The order is the first of its kind in any Mexican city, said Brian Quigley, a spokesman for the U.S. Consulate General in Monterrey, adding it reflects an increasingly violent and insecure reality. Monterrey is located in northern Mexico.
The travel warning was issued after an August 20 shooting in front of the American Foundation School in Monterrey, said the State Department. The high incidence of area kidnappings was also cited as a motive behind the move.
"U.S. government personnel from the Consulate General in Monterrey have been advised that the immediate, practical and reliable way to reduce the security risks for children of U.S. government personnel is to remove them from the city," the State Department said in a statement.
The new rule will take effect on September 10 and affect roughly 25 families, Quigley said.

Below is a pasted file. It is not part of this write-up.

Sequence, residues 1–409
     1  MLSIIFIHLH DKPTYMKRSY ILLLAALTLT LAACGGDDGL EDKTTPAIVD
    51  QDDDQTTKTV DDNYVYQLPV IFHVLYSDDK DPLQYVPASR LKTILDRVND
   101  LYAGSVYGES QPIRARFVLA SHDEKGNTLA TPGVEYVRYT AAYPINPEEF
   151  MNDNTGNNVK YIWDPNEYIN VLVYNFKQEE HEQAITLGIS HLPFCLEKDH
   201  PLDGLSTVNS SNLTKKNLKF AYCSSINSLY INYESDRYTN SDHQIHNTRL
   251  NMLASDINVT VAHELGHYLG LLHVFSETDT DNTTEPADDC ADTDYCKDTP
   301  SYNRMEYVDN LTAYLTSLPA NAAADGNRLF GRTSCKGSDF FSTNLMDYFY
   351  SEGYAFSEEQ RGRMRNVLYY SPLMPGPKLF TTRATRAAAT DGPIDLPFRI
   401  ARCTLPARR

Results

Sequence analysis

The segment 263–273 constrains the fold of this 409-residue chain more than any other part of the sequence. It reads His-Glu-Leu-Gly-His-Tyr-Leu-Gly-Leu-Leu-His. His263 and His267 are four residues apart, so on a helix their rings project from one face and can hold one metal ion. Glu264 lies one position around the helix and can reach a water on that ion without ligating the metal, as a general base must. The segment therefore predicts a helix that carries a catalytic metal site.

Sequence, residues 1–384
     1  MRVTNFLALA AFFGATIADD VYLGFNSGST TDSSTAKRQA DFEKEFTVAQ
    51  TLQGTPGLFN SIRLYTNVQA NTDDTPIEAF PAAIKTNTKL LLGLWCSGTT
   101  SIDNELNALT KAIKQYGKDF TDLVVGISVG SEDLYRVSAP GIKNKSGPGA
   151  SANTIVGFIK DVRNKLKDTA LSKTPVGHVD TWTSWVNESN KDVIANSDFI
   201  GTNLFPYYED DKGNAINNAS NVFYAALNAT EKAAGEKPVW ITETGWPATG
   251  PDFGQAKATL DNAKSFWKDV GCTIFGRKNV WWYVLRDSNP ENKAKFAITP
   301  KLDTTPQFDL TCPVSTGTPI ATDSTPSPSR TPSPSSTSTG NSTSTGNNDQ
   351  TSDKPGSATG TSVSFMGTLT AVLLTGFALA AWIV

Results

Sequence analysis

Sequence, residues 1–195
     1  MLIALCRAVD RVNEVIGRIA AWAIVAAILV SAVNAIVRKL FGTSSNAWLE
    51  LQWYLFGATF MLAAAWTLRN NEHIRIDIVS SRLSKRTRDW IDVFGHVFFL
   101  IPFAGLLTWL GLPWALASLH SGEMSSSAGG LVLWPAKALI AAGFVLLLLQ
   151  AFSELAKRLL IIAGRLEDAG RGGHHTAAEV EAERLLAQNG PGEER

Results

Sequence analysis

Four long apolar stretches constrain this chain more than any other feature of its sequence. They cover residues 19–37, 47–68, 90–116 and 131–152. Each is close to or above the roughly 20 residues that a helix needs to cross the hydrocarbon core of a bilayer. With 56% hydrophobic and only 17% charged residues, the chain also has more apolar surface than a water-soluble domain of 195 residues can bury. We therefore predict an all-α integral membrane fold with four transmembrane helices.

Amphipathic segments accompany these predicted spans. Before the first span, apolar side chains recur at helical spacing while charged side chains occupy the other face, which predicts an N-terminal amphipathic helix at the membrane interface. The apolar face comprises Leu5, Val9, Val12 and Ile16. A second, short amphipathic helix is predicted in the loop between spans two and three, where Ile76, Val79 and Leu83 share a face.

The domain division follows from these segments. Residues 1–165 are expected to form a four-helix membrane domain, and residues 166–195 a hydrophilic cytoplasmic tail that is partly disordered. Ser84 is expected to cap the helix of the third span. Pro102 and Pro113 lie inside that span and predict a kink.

In a separate message, also issued on Friday, the U.S. consulate in Monterrey said adequate safeguards simply do not exist to protect the children of U.S. employees.
"Local police and private patrols do not have the capacity to deter criminal elements from areas around the schools attended by the children of U.S. personnel assigned to the consulate," read the statement from Monterrey.
The authorized departure of family members of U.S. government personnel from consulates in the Mexican cities of Tijuana, Nogales, Ciudad Juarez, Nuevo Laredo, Monterrey and Matamoros remains in place, the State Department said.
The United States has a travel warning issued for Mexico because of drug-related violence, particularly in the northern border areas